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Reply with quote  #1 
I would love to tell you all the gory background on what led to this question, but the server hosting this forum would run out of available storage.  [wink]
 
Actually, the idea of posting this has rolled around in my head for the better part of 2 days, and honestly, I've been completely stumped on how to explain what I'm looking for.  I was hoping to provide a little background, because a lot of times, when I explain "why" I want to know, ya'll educate me  - like making me aware of factors I'd not known about, etc.      
 
However, the "why" in this case is "because I'm now working for a boss who has me starting to question whether my job is really just some sort of hidden-camera setup where, while being secretly filmed, I am given increasingly ludicrous activities to perform, in the hopes that my various reactions cause hysterical laughter from some unseen audience.    

The alternative...that this is real... well... I feel an incredible urge to curl up in the fetal position under my blankets and hide.  

After realizing there was no way to provide a sane reason for this question, I finally decided to just ask, without providing any context, whatsoever.  If you end up wondering why the hell I'm asking about this, see 3rd paragraph above.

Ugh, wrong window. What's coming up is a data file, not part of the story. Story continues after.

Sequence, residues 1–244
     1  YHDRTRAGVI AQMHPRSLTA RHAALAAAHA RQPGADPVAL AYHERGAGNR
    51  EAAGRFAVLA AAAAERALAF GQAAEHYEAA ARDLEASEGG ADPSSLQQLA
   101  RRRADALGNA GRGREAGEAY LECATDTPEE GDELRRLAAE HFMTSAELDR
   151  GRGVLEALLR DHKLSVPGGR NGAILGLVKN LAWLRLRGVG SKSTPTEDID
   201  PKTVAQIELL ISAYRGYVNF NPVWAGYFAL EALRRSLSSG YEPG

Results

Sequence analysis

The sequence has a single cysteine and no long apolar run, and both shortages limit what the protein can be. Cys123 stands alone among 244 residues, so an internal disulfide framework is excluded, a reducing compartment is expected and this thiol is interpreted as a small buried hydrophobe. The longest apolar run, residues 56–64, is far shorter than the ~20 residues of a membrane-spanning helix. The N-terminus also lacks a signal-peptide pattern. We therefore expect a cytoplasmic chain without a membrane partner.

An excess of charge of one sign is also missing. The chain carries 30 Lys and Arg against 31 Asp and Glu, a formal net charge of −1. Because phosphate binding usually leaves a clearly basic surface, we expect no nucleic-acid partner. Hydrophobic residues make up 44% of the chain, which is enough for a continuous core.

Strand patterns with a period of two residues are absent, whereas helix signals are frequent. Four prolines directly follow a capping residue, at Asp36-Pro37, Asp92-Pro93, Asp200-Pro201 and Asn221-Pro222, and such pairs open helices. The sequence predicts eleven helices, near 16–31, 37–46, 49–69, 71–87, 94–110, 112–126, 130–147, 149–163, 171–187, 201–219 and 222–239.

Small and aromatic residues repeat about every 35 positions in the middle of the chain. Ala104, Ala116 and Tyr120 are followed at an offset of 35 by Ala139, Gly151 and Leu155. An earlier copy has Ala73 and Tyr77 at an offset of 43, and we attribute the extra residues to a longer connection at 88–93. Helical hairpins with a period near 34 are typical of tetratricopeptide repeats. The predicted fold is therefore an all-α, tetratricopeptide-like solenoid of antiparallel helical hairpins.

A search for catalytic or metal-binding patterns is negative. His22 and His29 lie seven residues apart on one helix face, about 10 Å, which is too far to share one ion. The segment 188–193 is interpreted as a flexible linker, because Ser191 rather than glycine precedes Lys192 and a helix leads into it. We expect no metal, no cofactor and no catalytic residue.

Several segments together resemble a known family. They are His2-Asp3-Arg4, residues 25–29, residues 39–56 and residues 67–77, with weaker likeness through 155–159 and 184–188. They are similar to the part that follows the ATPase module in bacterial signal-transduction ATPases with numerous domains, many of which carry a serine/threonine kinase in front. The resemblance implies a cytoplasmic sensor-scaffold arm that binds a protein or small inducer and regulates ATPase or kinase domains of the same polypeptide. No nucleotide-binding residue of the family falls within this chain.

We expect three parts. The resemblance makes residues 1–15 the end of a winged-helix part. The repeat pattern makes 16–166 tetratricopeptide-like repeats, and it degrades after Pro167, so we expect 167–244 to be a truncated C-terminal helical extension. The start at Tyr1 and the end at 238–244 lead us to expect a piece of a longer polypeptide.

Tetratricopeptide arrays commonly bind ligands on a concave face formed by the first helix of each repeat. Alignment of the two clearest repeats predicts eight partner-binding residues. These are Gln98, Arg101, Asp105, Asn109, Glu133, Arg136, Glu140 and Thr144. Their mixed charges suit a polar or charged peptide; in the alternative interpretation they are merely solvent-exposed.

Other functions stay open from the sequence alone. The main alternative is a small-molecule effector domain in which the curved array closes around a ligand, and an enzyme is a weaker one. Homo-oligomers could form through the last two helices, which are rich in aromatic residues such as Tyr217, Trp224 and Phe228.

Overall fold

_______________________________________________________________________________________

When setting up new users/(employees), IT staff frequently add the new employee to some sort of third party service (SaaS) the company utilizes... G Suite and Office 365 are two examples.

When the user logs in to these services for the first time, they are (usually) required to agree to (acknowledge and accept) the terms of some sort of written disclosure about  privacy/usage/disclosure/ethics/etc.  Usually, the first time they use the service, they are required to formally accept the disclosed policies, before being allowed "in."
   
   
My question is:
What's stopping an IT tech from just going ahead and "accepting" the disclosures in order to gain access to the newly created account?

Asked another way:

What would your response be, if a tech came to you and said "since we can't change "x" configuration from the admin console, how about we just log in to brand new accounts as if we are the user and change "x" directly."


~spammy

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Donato

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Reply with quote  #2 
Obviously, IT management is going to do whatever they want, including cameras in the office. As soon as you or anyone else clicks on acknowledge & accept, they have agreed to whatever they haven't read. Have you read the agreement?

BTW, thanks for keeping the forum's storage limitations under consideration when you post.
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Reply with quote  #3 
Quote:
Originally Posted by SpamSpamBacon (Hummm Bacon) Spam
My question is: